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Subject:Re: Measuring Productivity From:Sherrill Fink <sfink -at- RELAY -dot- NSWC -dot- NAVY -dot- MIL> Date:Tue, 22 Aug 1995 11:02:46 EDT
I forwarded Chet's thought-provoking comments about "Why does management
want to measure productivity?" to my husband, a computer programmer, who
has also raged about being judged by how many lines of code he produces.
Of course, since we work at a Navy installation, we are both subjected to
the Total Quality Leadership (TQL) fad that seeks to "measure" everything.
However, quantifying research and development is nearly impossible!
Anyway, Glenn wrote back with some good comments about leadership and
gave me permission to share them with the list.
sfink -at- relay -dot- nswc -dot- navy -dot- mil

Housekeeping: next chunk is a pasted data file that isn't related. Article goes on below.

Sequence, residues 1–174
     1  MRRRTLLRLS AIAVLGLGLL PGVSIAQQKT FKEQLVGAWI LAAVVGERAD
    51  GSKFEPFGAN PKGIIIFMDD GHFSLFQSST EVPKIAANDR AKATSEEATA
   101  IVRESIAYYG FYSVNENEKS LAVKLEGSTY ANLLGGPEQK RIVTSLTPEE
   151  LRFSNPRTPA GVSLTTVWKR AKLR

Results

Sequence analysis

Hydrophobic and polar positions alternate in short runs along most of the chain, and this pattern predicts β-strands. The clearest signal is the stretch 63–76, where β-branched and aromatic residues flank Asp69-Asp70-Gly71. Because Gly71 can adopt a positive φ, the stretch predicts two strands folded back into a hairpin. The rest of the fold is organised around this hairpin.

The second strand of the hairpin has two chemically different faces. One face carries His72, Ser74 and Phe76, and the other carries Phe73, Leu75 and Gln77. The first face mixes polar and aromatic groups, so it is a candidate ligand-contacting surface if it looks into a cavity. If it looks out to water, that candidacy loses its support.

> From gfink -at- curly -dot- nswc -dot- navy -dot- mil Tue Aug 22 09:26:23 1995
> Subject: Re: Measuring Productivity (fwd)
> To: sfink -at- oanews -dot- nswc -dot- navy -dot- mil
> I read that post about measuring productivity and thought I'd offer my
> $0.02 worth. The way I see it there are two ways of ensuring productivity:
> (1) Collect metrics, or
> (2) Manage/Supervise/Lead
> Metrics are no substitute for leadership. Metrics (page counts, line counts,
> etc.) give a one-dimensional (i.e., false) view of the organization or
> individual being measured. More metrics may give a more complete picture,
> but they will always fail to correctly assess individuals because people are
> inherently unquantifiable. Metrics _are_ useful for individuals to measure
> their own progress. They can also be used to predict quite accurately the
> resources that will be needed to accomplish a new project.
> Management via personal contact results in an effective organization because
> managers do get a good impression of mission accomplishment and workers get
> a better feel for organizational goals. There is no substitute for this,
> although inadequate managers have tried to go the easy road and use metrics
> instead. We see alot of that around here, and I always try to make this
> point (with varying degrees of success).